In Wouldn't it be nice, the way in which a family gathers together is particularly recognizable. It is a reunion, people have dressed up and are indulging in all the rituals involved: the exchange of greetings, the raising of glasses, and the festive meal together. And yet, it is all just a little bit different in this film. The familiarity of the whole get-together and the total alienation that it also exudes are played off against each other. Due to the staging, camera work, and editing, you are constantly being sent off on another track. At the end of the film, the question posed by the artist in the title is cheerfully echoed in a song by the Beach Boys. But whether this is a sincere wish or an ironic comment still hangs in the air.

Belchic QE, reMI, A/NL, 2000, 3'52
Renate Oblak and Michael Pinter, working together as reMI, consistently make use of the tools that are typical of the digital media: hard disk, software and monitor screen. They feed the computer with an abundance of sometimes conflicting data and programmes, allowing these to generate mages and sounds, in a manner of speaking at their own discretion. The artists in their turn react to these images and sounds, sometimes anticipating the reaction of the audience during live performances. Apart from the texts that are moving across the screen, nothing in Belchic QE refers to a recognizable reality. No stories are being told, no sentiments appealed to, or illusions sold. reMI make pure image and sound that enters your mind directly via your eyes and ears. As part of a vicious circle, the texts refer to what is happening. In this way, the meaning and the experience are held brotherly together in the embrace of form.

Program 2: within the framework of Telepresence by Extension

Mobile Image, Hole in Space (excerpts), USA, 1980, 6'30
Marinus Boezem, Breathing upon the Tube, NL, 1971, 2'30
Gerry Schum, Identifications, GER, 1970, 32'40
Servaas, Pfffft, installation view (excerpts), NL, 1981, 2'00
Shut the Fuck Up!, General Idea, CAN, 1985, 14'00
Fiona Tan, Stolen Words, NL, 1991, 2'40

Hole in Space, Mobile Image, USA, 1980, excerpts, 6'30
Excerpts of a Communication Art Project by Galloway and Rabinowtz. A four-day public satelite connection, set up on television screens in the windows of a shop in New York and in Los Angeles, with the accompanying communication chaos.

Breathing upon the Tube, Marinus Boezem, NL, 1971, 2'30
Boezem's face appears on the screen, stares at the viewer, and begins to breathe on the picture tube. After some time passes, the image begins to blur through the moisture deposited and the artist disappears from sight for several moments. While the vapour clears Boezem keeps his gaze directed on the camera, motionless, until his face is again clearly visible. With his own breath the artist makes himself invisible as an object, with the intention of creating a space that is not defined by a concrete image. The time between the disappearance and appearance and the continued sound of breathing play an important attendant role.

General Idea (CAN), Shut the Fuck Up (1985, 14'00)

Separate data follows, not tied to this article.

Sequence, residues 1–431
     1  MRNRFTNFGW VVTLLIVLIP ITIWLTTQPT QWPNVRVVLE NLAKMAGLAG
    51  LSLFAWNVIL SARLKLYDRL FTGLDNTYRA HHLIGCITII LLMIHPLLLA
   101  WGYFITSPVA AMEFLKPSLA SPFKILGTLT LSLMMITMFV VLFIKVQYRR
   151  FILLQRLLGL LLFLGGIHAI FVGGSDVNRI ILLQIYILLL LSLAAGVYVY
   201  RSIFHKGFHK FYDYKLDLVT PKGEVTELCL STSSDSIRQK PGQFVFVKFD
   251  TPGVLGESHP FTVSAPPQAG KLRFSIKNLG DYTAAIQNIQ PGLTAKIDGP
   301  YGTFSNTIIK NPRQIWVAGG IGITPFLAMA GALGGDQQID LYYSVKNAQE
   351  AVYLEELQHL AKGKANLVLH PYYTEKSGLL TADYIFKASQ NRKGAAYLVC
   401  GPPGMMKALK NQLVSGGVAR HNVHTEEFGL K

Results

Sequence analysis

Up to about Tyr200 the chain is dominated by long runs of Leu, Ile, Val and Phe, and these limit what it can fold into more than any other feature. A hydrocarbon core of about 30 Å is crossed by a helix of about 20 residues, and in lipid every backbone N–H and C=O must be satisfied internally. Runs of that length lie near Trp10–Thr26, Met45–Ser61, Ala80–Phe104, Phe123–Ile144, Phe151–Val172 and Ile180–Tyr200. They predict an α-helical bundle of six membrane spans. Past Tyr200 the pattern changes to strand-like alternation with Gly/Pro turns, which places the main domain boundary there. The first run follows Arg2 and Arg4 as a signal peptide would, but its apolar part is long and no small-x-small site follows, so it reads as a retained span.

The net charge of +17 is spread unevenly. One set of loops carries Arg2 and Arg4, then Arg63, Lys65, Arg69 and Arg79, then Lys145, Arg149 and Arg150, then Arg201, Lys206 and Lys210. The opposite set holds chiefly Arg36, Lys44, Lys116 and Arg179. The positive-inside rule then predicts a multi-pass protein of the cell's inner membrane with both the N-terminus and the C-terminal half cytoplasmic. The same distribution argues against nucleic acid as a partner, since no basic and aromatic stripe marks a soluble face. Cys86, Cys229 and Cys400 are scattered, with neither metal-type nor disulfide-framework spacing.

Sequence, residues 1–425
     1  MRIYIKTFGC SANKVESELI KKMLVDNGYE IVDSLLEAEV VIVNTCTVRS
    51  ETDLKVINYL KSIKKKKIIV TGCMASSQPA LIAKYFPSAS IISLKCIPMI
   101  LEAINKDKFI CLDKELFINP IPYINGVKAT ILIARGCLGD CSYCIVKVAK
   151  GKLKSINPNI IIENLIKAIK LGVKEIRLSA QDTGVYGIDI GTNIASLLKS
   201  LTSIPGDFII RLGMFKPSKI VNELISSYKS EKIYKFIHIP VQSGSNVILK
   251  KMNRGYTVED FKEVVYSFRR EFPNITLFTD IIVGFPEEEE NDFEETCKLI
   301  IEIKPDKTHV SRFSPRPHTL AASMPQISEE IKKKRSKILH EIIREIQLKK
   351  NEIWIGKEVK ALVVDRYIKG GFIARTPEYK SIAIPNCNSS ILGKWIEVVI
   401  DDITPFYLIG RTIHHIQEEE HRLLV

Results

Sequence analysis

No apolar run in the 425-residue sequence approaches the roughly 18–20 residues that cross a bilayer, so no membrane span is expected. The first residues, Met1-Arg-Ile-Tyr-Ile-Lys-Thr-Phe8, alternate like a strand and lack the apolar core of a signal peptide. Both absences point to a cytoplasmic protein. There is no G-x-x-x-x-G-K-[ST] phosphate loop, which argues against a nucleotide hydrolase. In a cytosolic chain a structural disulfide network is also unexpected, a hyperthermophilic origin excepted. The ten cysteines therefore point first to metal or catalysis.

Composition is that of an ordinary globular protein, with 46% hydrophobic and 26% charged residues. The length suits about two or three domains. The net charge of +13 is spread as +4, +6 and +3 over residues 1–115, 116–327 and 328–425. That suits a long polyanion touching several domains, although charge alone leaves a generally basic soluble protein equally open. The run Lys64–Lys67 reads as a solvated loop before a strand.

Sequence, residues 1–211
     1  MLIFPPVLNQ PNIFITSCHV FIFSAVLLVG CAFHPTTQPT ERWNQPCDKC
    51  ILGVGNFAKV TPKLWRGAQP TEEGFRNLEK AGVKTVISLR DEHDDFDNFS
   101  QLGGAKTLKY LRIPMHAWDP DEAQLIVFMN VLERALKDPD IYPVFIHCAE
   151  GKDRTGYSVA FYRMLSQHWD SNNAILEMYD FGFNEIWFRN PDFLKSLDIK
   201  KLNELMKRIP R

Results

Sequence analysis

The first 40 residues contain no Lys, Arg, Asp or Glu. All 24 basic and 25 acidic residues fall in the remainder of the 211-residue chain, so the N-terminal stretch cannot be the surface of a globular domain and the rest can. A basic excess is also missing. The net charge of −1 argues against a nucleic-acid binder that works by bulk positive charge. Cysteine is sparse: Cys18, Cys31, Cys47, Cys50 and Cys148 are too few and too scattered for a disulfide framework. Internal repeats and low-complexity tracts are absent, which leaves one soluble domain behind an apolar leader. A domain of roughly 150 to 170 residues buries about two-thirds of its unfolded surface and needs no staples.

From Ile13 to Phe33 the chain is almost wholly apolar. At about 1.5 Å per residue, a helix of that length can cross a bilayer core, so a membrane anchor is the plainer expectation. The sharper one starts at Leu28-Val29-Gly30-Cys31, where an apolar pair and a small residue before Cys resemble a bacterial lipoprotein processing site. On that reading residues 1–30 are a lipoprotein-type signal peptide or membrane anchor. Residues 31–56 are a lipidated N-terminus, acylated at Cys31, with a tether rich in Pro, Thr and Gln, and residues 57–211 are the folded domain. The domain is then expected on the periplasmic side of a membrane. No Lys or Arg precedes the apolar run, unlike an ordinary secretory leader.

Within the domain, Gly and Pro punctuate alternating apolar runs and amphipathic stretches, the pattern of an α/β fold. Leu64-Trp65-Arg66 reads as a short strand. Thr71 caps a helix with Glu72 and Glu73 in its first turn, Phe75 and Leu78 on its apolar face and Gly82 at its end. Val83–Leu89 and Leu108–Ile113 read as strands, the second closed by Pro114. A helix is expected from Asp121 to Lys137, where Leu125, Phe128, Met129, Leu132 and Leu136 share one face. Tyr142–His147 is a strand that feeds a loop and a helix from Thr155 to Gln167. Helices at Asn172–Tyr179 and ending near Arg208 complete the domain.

The Canadian group General Idea's 1979 made-for-TV tape Test Tube explores the relationship which exists between artists and the mass media. As a sequel to Test Tube, Shut The Fuck Up deals with its antithesis, and specifically with the media cliché of the artist. The (sometimes hilarious) fragments of TV programs, documentaries and feature films that are featured in Shut The Fuck Up create the impression that the media have little respect for 'the artist' and that they ascribe to a set of preconceived ideas and stereotypes . These images are periodically interrupted by General Idea's 'talking heads' who spew forth artistic clichés. The media regard the artist as being a buffoon who 'is just fooling around'. In fact the media don't know how to deal with the modern artist. To what extent are artists themselves to blame for this ridiculous state of affairs? General Idea's advice to all concerned is: "When there is nothing to say: shut the fuck up!"

Fiona Tan, Stolen Words, NL, 1991, 2'40
The short tape 'Stolen Words' reaches out as a poem, as a personal monologue that Fiona Tan recounts against the indifference and cynicism with which the mass-media 'present their report' on life. Although they pretend otherwise, the mass-media actually make forms of global responsibility well-nigh impossible to attain. More often than not, they end up throwing the individual back onto hers or his own resources - whether she or he has any or not. Drawn from existing TV-footage, regarded as 'the inexhaustible archives of the collective consciousness', Stolen Words consists of a series of mounted 'stills' - unabashed close-ups of various people. An English voice-over, provided with original Dutch sub-titles, mouths the usual standard phrases...hinting at 'the seriousness of the situation' or 'things aren't going well', etc. They are stolen sentences: Stolen Words quite consciously balances on the delicate and problematical razor's edge of public and private concerns.

Netherlands Media Art Institute
Montevideo/Time Based Arts
Keizersgracht 264
NL 1016 EV Amsterdam
The Netherlands
T +31 20 6237101
F +31 20 6244423

    © 2001 MediaArtLab; design - @division